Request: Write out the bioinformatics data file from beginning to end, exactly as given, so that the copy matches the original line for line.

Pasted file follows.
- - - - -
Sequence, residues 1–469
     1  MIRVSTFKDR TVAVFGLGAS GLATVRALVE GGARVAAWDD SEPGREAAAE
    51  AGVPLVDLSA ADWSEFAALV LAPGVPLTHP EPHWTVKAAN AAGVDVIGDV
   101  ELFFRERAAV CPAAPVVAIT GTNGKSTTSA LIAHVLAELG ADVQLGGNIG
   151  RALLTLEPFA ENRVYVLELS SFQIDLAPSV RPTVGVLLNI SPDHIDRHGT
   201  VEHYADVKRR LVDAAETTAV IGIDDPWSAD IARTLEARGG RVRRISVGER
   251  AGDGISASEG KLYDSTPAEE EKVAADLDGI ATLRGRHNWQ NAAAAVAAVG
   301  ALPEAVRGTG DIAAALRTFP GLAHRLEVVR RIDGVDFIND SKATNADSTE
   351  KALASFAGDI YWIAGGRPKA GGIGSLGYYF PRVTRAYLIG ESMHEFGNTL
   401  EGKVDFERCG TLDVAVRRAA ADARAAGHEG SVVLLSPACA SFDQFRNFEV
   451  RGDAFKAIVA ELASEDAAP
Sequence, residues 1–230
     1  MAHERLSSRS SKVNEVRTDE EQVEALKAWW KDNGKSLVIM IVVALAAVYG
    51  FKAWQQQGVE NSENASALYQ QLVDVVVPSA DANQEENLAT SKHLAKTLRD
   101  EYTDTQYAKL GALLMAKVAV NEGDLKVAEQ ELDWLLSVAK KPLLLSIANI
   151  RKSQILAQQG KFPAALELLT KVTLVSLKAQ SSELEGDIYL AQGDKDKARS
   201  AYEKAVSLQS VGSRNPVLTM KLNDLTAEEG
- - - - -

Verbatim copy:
Sequence, residues 1–469
     1  MIRVSTFKDR TVAVFGLGAS GLATVRALVE GGARVAAWDD SEPGREAAAE
    51  AGVPLVDLSA ADWSEFAALV LAPGVPLTHP EPHWTVKAAN AAGVDVIGDV
   101  ELFFRERAAV CPAAPVVAIT GTNGKSTTSA LIAHVLAELG ADVQLGGNIG
   151  RALLTLEPFA ENRVYVLELS SFQIDLAPSV RPTVGVLLNI SPDHIDRHGT
   201  VEHYADVKRR LVDAAETTAV IGIDDPWSAD IARTLEARGG RVRRISVGER
   251  AGDGISASEG KLYDSTPAEE EKVAADLDGI ATLRGRHNWQ NAAAAVAAVG
   301  ALPEAVRGTG DIAAALRTFP GLAHRLEVVR RIDGVDFIND SKATNADSTE
   351  KALASFAGDI YWIAGGRPKA GGIGSLGYYF PRVTRAYLIG ESMHEFGNTL
   401  EGKVDFERCG TLDVAVRRAA ADARAAGHEG SVVLLSPACA SFDQFRNFEV
   451  RGDAFKAIVA ELASEDAAP
Sequence, residues 1–230
     1  MAHERLSSRS SKVNEVRTDE EQVEALKAWW KDNGKSLVIM IVVALAAVYG
    51  FKAWQQQGVE NSENASALYQ QLVDVVVPSA DANQEENLAT SKHLAKTLRD
   101  EYTDTQYAKL GALLMAKVAV NEGDLKVAEQ ELDWLLSVAK KPLLLSIANI
   151  RKSQILAQQG KFPAALELLT KVTLVSLKAQ SSELEGDIYL AQGDKDKARS
   201  AYEKAVSLQS VGSRNPVLTM KLNDLTAEEG